Humility is a spiritual quality for which I have never prayed! As a woman I often felt that it was something thrust on me, in the Church and in the world; it was something that someone else thought I ought to have, and I resisted that notion. Then culturally, the caricatures of the meek or the humble were never attractive either–doormat, milquetoast, mouse—none of them inspired me to do what I was made and called to do, or to dream dreams and imagine visions. But in this season of my life, I am wondering if humility might indeed be the gift or charism which could lead me to the most open heart for the Spirit, the quality ascribed to Jesus, that will be the most life-giving and life-saving for all the rest of my days.
It is an incontrovertible truth that I am not now what I have been in the past, nor am I what I am going to be. Daily I run into my lack of memory for certain parts of names or my lack of agility in rising and falling on the chair. What I observe bitter-sweetly is that the roles and functions I was called to fill in an earlier time, are now being filled by others–younger, fresher, more cutting–edge, as they say. And if I am ruthlessly honest, I know that there are things that I never have excelled in or was even suited for. So what does humility mean? It certainly can’t mean pretending not to be good at something at which I am gifted. Nor does the model of self-flagellation and mortification of saints of earlier ages seem to be something that produces life and growth. So I continue to look for incarnated definition. Pope Francis is capturing the attention of the world and the Church by the way he seems to be open and accessible to all people, no matter how broken and unimportant. I am so grateful for someone who is putting a face on Christianity that is closer to our aspirations than so many public religious leaders have done in contemporary times. But I know he is human, and if no other flaws of character and behavior show themselves, he will still show his frailty age and as he moves toward the arms of Sister Death.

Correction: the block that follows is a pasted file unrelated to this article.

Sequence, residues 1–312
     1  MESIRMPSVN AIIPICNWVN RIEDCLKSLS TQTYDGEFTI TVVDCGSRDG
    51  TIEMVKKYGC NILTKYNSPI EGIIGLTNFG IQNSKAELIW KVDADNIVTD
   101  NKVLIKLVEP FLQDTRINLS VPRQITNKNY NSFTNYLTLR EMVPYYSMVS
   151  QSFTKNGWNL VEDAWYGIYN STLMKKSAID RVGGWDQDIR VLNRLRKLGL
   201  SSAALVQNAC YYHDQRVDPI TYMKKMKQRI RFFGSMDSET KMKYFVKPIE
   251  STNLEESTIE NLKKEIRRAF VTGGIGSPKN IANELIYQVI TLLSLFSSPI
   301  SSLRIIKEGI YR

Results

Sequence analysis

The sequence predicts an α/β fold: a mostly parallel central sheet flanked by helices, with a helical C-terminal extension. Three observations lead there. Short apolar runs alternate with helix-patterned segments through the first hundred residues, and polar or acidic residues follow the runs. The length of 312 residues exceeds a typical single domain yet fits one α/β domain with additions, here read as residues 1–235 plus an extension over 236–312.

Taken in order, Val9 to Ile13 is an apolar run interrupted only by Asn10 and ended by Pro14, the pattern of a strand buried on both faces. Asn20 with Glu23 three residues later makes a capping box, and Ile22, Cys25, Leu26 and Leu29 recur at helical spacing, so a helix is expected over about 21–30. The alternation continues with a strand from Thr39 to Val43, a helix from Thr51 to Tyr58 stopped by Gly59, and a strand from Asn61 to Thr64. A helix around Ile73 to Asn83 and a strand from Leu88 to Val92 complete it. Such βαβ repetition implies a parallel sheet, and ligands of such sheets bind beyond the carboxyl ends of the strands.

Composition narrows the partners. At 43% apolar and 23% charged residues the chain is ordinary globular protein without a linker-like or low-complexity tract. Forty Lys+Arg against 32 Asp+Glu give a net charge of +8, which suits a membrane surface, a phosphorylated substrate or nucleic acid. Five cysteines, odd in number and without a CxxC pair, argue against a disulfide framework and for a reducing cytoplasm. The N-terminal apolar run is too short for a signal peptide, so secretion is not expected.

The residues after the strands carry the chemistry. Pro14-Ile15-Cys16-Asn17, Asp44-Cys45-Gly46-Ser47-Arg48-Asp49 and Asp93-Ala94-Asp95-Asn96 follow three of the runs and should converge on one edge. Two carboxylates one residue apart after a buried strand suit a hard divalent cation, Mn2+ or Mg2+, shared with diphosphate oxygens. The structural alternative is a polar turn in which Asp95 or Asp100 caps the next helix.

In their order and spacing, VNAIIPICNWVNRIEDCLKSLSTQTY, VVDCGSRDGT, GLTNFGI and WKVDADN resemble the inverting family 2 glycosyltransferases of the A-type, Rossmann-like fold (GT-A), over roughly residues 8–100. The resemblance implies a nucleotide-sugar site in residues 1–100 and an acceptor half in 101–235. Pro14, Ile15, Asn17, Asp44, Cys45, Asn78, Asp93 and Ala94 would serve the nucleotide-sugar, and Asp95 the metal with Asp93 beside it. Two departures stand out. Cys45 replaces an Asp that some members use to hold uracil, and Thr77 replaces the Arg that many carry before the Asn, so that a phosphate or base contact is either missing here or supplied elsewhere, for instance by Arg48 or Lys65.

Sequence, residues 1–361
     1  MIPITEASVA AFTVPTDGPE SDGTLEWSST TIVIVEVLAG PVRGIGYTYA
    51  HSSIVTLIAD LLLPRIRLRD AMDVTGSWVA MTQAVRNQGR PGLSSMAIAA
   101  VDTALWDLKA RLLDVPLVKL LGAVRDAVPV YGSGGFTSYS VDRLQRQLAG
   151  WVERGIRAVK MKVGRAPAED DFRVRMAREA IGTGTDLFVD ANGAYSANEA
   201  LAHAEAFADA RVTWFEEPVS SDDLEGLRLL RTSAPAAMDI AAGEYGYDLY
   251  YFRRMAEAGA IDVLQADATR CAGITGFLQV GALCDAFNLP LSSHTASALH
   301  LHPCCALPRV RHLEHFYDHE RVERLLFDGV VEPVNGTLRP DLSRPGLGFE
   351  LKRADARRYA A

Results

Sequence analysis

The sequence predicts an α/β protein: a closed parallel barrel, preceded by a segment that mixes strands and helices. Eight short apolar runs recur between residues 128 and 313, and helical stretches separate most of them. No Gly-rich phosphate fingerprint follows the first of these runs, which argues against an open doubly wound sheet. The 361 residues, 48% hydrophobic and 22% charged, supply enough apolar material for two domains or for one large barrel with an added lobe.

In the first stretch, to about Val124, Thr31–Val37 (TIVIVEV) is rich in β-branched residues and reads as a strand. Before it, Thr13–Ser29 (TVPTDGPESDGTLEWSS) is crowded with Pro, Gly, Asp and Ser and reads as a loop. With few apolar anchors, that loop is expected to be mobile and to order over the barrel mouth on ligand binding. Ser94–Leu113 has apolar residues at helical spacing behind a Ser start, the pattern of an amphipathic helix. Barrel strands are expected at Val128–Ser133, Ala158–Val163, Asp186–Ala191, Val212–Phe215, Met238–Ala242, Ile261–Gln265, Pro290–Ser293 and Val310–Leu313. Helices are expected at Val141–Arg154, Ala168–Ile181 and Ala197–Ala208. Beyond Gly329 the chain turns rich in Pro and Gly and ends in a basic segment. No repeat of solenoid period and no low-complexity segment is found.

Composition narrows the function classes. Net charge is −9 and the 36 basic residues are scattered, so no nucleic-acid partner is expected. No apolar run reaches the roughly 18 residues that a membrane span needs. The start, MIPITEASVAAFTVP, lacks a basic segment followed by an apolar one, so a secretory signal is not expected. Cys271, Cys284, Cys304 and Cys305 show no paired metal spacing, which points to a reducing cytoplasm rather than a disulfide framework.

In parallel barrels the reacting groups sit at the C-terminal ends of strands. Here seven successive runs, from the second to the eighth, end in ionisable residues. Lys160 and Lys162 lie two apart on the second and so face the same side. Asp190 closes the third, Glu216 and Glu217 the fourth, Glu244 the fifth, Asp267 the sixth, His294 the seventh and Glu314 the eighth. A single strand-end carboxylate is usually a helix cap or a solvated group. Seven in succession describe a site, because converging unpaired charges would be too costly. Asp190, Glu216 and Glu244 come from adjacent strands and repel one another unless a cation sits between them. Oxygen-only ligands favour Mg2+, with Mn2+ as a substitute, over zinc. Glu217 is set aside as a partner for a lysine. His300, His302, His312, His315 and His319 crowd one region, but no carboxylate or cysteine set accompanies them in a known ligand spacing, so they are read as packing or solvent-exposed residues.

Don’t cherish exaggerated ideas of yourself or your importance, but try to have a sane estimate of your capabilities by the gift of faith that God has given you.
So to be humble is to be sane about who I really am, and to let go of entitlements, projections and fantasies just the way that we read that Jesus did in Philippians 2. And on the day by day peregrinations in which I walk, it means to assess rationally what I am able to do–in my body, soul and mind. Then listen for the Spirit call: is this the time to step up and speak, or is this a time to sit quietly and let others lead the way? is this the person alongside whom I should come to offer assistance, or is this the time to wait until asked? is this the idea that I cherish that I must bang the drum for, or is it one that I can breathe life into by prayer, encouragement, affirming others? In my milieu where doing what makes one’s self happy is the ultimate value in one’s life, I am being called to the elasticity of humility, that allows me to stretch out in service to help and proclaim and love, and at the same time be willing to contract and and to serve as I sit still, be quiet, and be loved by the Holy One.
Deep thoughts for my daily walk this season!